Posts Tagged ‘summer safety’

The heat index for this week is predicted to be just over 100° F in Norfolk, Virginia Beach, and elsewhere in Hampton Roads. That makes it risky for people and their pets to spend much time outdoors. Heat stroke under these weather conditions is a real and present danger.

Dr. Donald Miele, a Norfolk veterinarian, recommends restricting pet exercise to cooler hours of the day and night; keeping pets in air conditioned areas during the day; and providing plenty of cool water to drink.

Here are some handy reminders on how to protect your pets from hot cars and hot pavement:

[Hint: NEVER leave your pet in the car!]

Source: ASPCA — Click or double-click to enlarge

www.aspca.org

 

Source unknown

Keep in mind that asphalt can retain heat even after air temperature drops, so check the pavement as suggested below:

 

Source: Nationwide — Click or double-click to enlarge

www.petinsurance.com

Read Full Post »

With daily high temperatures in the 80s and 90s,
it’s time for a reminder on how to prevent deadly heat stroke in pets.

Photo by Pixabay via Pexels

For long-time readers of this blog, this post on heat stroke looks familiar. Why? Because I’ve been posting it nearly every year since 2010. Every year, pets suffer heat stroke, but it doesn’t have to be that way. So I’ll keep repeating this column until heat stroke in pets is a thing of the past.

Heat Stroke in Pets

Do you know how to protect your pets from heat stroke during the muggy days of summer? This goes beyond the usual caveat of “never leave your pet in a car while you go shopping, babysit, attend a sporting event, spy on your ex, etc. Here are some tips to keep your pet safe in the yard or out and about:

  • Keep pets indoors as much as possible, especially if they are sluggish or panting soon after going outdoors.
  • Limit exercise to brief walks in the coolest parts of the day. Keep in mind that hot pavement and sand can burn pets’ paws.
  • Provide plenty of cool water. Check water throughout the day, as it can become hot if left outdoors. 
  • Kennels and pens should have good ventilation and air circulation and should be kept in shaded areas.

Warning Signs of Heat Stroke or Heat Stress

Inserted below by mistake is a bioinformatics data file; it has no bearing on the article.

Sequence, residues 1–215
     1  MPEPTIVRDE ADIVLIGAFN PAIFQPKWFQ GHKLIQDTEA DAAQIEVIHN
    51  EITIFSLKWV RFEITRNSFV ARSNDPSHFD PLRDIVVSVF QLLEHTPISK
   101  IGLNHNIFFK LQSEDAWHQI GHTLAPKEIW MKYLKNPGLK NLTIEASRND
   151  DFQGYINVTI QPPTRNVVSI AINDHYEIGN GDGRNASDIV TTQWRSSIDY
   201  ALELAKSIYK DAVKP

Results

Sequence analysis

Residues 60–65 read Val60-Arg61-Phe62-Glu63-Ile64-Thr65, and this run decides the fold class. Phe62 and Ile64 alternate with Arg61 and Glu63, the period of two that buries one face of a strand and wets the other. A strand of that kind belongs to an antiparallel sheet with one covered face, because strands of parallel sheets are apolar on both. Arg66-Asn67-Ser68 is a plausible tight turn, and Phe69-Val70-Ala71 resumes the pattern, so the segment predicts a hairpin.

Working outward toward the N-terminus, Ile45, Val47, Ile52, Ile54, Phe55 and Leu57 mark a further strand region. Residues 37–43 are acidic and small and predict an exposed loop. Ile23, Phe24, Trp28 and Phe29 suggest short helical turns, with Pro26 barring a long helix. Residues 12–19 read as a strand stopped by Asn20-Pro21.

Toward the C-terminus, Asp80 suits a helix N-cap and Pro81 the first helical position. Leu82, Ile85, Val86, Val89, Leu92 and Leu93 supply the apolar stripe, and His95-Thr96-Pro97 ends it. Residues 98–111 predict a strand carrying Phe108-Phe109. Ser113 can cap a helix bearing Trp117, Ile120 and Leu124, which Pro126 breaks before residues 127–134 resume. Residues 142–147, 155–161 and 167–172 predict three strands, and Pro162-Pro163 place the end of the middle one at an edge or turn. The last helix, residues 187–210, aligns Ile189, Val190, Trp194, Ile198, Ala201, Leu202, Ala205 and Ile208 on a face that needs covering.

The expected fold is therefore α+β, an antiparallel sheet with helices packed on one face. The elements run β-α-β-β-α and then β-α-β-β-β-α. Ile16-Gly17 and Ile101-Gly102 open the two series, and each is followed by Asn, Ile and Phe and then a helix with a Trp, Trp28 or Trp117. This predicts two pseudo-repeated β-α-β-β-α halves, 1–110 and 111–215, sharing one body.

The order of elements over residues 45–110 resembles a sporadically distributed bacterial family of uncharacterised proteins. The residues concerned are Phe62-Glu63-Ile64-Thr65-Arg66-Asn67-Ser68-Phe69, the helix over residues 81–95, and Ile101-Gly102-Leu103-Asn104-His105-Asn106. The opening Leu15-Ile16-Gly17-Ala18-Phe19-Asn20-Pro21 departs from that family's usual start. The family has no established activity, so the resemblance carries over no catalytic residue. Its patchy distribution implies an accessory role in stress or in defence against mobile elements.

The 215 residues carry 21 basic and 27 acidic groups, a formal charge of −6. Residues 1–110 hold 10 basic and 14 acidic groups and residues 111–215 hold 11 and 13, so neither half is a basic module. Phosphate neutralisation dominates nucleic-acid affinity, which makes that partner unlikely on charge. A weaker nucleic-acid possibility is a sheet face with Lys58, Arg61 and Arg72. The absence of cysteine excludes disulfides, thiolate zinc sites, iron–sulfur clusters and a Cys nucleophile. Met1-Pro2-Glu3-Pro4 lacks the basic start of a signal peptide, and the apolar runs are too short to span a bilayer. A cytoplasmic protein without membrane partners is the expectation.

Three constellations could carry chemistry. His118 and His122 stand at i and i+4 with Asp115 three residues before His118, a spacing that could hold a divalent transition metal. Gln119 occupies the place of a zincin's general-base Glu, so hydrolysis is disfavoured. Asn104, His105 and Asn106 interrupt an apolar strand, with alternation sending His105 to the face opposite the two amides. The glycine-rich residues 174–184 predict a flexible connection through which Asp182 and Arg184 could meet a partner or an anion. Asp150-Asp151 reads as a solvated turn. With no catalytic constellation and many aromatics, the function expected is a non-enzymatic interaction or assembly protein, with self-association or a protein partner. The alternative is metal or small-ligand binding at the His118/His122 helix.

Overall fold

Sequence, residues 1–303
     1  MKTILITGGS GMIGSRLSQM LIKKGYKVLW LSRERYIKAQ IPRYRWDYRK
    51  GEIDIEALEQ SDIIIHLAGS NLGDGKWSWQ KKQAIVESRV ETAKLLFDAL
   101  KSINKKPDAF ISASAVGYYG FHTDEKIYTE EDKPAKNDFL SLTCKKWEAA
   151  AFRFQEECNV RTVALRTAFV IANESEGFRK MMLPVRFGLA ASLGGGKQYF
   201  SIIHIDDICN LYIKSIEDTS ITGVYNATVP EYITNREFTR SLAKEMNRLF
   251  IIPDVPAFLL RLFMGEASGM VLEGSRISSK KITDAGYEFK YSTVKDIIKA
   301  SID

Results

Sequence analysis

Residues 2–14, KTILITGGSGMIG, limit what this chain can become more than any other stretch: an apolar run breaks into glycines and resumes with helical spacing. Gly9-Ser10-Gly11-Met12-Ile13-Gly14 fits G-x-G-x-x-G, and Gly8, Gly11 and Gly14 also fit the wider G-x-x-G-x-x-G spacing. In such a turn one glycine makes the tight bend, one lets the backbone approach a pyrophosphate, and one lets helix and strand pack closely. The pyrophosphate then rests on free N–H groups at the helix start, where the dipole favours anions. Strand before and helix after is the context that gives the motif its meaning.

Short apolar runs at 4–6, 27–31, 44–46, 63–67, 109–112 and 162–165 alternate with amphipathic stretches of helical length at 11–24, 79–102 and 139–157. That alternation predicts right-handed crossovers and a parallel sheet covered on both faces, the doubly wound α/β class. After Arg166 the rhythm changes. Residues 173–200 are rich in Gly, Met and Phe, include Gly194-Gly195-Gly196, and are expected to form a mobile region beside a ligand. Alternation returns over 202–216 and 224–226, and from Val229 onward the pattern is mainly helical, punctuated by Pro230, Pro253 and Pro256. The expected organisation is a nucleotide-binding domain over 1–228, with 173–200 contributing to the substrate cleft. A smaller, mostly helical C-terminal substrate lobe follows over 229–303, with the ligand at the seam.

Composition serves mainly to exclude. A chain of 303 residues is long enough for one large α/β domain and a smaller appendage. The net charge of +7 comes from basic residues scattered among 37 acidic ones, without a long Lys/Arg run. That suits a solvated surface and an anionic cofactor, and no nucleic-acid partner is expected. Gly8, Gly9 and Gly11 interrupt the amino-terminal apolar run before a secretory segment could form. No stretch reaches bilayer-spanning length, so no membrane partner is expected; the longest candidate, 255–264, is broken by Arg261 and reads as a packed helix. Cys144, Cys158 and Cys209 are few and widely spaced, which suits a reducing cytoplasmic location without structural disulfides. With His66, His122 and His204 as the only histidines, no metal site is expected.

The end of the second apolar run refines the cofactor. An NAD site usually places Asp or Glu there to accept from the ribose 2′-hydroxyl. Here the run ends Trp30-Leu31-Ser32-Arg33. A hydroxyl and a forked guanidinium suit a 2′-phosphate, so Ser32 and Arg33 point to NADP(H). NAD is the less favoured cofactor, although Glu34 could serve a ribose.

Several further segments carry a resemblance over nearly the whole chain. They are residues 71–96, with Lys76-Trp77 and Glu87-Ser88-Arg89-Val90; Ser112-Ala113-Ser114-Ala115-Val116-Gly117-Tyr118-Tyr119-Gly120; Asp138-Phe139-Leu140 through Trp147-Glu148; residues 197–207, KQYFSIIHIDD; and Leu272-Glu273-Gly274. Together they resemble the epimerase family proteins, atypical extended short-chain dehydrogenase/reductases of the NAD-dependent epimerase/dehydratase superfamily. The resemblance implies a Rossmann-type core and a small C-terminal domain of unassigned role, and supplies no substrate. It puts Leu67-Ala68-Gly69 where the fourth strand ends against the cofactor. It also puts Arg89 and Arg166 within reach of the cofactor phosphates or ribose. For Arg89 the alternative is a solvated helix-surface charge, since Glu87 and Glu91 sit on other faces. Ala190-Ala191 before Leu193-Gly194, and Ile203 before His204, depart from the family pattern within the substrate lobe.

Your pet may need emergency assistance if it exhibits any of the following signs:

  • Excessive panting and drooling
  • Bright red gums
  • Balance problems
  • Lethargy
  • Staring or anxious expression
  • Labored breathing
  • Rapid heartbeat
  • Failure to respond to commands
  • High fever
  • Collapse

What To Do

Lower your pet’s body temperature by easing him into a cool (not freezing) bath. Water from the outdoor hose may be hot, so that may not be your best option.  

Bring your pet indoors and place him in a tub, taking care to keep his mouth and nose above water [we use stacks of towels to accomplish this.] 

Apply ice packs to his head and neck. 

Call your veterinarian for further instructions. In most cases, your pet will be hospitalized for treatment and observation. By necessity, this sort of care may take place at a veterinary emergency hospital.

Who Is At Risk of Heat Stroke?

Any pet can have heat stroke, but some are more susceptible than others. All pets need to be protected on hot days. However, these pets are more likely than others to have a problem:

  • Very young and older pets
  • Short-nosed/pug-nosed breeds
  • Overweight pets
  • Pets with cardiovascular or respiratory disorders
  • Pets with a previous history of heat stress

Heat stroke is a life-threatening emergency. If you suspect your pet has heat stroke, we recommend taking him to the nearest veterinary emergency hospital for comprehensive care.

[Information borrowed from “Summer Pet Tips” by Ralston Purina Company and “Summer Safety Tips” by Firstline magazine.]

****************************************************************************************
This article was originally published on July 28, 2010.